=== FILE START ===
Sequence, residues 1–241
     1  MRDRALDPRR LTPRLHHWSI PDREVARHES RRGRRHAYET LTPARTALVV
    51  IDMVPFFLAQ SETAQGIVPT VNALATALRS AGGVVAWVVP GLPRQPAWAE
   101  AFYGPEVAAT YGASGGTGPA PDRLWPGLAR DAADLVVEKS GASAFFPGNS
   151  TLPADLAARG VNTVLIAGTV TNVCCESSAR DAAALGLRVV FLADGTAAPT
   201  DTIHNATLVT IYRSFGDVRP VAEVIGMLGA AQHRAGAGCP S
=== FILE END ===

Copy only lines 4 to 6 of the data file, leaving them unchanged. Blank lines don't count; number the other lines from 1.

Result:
   101  AFYGPEVAAT YGASGGTGPA PDRLWPGLAR DAADLVVEKS GASAFFPGNS
   151  TLPADLAARG VNTVLIAGTV TNVCCESSAR DAAALGLRVV FLADGTAAPT
   201  DTIHNATLVT IYRSFGDVRP VAEVIGMLGA AQHRAGAGCP S